• Perhaps someone else is making the decisions regarding your work right now. Are you empowered to make the progress you want to?
Be honest with yourself and find the answer for the missing percentages; find the block that’s holding you back and write it down.
Why is this important?
If you think about your percentage contribution in terms of money, the 100% effect becomes quite clear. For example, if you earn £60,000 and you are operating from a position of excellence and with 100% energy and effort directed to achieving your goals, 100% of your time is worth £60,000. But, if something is holding you back and you happen to be operating from a position of 80% you could be losing 20% of your true potential, equating to a financial value of £12,000 over a year. For someone earning a salary of £100,000 this figure increases to £20,000!
This also works for the self-employed too. What’s the value of your time, and what is your earning target for this year? When you have your earning target you have your 100% capacity value.
If you have ever led a team of people you can imagine how this would roll up if you expand this principle to five, 10 or maybe more individuals. Imagine the value of getting just 1% more energy and effort from everyone in a 10-person team where everyone made £40,000 per year. Well, 1% of £40,000 is £400 and if you could multiply that by 10 people that would give you an increased ROI energy and commitment value of £4,000 over the year. If everyone in the team could up their game by 10% you would have an added value level of £40,000 for the year! The equivalent of an additional head!
The bottom line is, people who can effectively deliver and add value in their roles go on to be more successful, and their personal wealth increases as they gain the recognition for this. They become great role models and leaders and often go on to inspire other people to put in the effort and achieve great things too! Businesses which recognise this achieve a greater ROI for their payroll spend and get a reputation for growing, maintaining and inspiring talent. They become the place where everyone wants to work. High-performing people create high-performing teams and those extra percentage contributions all go on to create a high-performance culture where people are empowered, engaged and inspired to achieve.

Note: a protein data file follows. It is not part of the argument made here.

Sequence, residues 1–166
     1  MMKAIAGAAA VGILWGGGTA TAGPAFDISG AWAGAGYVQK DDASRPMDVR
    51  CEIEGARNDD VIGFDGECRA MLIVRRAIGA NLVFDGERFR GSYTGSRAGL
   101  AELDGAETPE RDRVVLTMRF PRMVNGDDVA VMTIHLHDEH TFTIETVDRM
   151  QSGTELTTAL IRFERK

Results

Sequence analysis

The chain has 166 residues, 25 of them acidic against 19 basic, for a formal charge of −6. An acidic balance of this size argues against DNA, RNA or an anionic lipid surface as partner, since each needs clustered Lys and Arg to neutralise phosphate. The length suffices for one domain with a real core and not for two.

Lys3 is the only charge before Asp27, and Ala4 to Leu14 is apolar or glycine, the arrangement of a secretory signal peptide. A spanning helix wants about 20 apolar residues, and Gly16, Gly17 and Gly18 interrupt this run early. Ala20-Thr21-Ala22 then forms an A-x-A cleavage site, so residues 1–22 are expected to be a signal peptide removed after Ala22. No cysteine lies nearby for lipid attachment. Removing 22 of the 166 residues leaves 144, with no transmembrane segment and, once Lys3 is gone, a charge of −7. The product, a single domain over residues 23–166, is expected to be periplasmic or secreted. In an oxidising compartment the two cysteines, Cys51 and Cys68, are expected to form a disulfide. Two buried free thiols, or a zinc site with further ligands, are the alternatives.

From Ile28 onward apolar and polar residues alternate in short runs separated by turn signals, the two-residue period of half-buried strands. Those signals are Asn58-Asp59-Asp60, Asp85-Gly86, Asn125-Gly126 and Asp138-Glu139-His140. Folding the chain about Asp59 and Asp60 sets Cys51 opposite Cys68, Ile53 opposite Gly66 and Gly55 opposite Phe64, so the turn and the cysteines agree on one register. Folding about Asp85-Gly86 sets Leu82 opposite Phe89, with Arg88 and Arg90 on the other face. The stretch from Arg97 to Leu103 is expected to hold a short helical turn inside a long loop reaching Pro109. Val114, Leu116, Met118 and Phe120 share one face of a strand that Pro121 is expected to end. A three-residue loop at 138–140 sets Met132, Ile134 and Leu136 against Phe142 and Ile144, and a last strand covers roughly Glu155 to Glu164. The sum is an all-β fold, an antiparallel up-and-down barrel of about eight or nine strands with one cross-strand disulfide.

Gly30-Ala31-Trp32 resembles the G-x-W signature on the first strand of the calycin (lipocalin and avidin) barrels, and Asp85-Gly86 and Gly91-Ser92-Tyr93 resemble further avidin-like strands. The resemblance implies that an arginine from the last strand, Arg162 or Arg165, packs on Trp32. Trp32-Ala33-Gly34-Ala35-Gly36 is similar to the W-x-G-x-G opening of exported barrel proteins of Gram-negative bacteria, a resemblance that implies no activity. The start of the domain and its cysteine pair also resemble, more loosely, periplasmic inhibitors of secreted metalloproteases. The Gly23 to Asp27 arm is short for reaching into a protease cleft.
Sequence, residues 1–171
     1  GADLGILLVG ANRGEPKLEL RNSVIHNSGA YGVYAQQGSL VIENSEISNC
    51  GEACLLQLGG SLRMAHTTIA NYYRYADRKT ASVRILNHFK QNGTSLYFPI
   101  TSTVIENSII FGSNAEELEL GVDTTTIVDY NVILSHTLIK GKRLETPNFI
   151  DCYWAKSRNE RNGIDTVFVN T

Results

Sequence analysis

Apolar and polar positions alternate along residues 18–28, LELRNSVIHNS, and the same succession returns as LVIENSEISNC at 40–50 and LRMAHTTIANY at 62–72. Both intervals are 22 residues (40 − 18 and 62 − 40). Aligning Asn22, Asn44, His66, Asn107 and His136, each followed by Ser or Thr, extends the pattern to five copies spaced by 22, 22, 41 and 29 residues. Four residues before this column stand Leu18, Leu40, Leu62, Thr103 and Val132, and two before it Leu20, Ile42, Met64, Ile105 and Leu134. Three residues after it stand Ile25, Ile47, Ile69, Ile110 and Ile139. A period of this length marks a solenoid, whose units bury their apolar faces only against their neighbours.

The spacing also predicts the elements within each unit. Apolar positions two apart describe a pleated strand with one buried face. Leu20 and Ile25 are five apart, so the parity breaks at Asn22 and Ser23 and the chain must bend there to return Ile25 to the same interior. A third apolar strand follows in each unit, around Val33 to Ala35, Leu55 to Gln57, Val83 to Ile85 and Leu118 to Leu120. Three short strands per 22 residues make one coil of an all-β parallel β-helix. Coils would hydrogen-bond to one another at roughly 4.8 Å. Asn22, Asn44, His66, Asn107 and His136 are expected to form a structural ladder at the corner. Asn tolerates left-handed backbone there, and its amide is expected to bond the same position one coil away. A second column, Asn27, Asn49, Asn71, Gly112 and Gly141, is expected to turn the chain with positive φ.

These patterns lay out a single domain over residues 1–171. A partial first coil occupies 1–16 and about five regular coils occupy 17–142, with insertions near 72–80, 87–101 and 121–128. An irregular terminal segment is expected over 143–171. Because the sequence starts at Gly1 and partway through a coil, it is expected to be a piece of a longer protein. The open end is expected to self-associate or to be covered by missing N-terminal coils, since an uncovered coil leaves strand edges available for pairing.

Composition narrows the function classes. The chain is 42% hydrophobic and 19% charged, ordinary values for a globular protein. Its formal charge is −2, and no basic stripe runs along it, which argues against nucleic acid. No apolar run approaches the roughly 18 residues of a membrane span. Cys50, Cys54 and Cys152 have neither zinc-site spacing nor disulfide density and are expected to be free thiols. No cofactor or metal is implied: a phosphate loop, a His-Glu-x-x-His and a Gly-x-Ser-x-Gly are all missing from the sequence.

Identify three personal and three professional goals that you would like to achieve in the next six months. Next to each one write down what percentage of energy and effort you are putting into achieving that goal.
For any goal where you have written 100% ask yourself why you haven’t already achieved that goal if you have truly been putting in 100% to achieve it.
For any goal where you have a percentage that is less than 100%, be honest with yourself and find the answer for the missing percentages. Find the block that’s holding you back and write it down.
4. For any blocks that you identify, e.g. the things that are stopping you achieving those missing percentages, set yourself a deadline to resolve them. By tackling the root cause in this way you will find it easier to press ahead and achieve more.
So ask yourself honestly, do you have the capacity and desire to achieve just 1% more in your career or personal life? Perhaps you even have the capacity to achieve 5% or 10% more? Follow the steps above and you are sure to get the results you are looking for. Remember that by operating from a position of excellence you not only create it directly but you will also become a role model able to inspire and drive excellence in others too.
Karen Beaven, HR director, River Island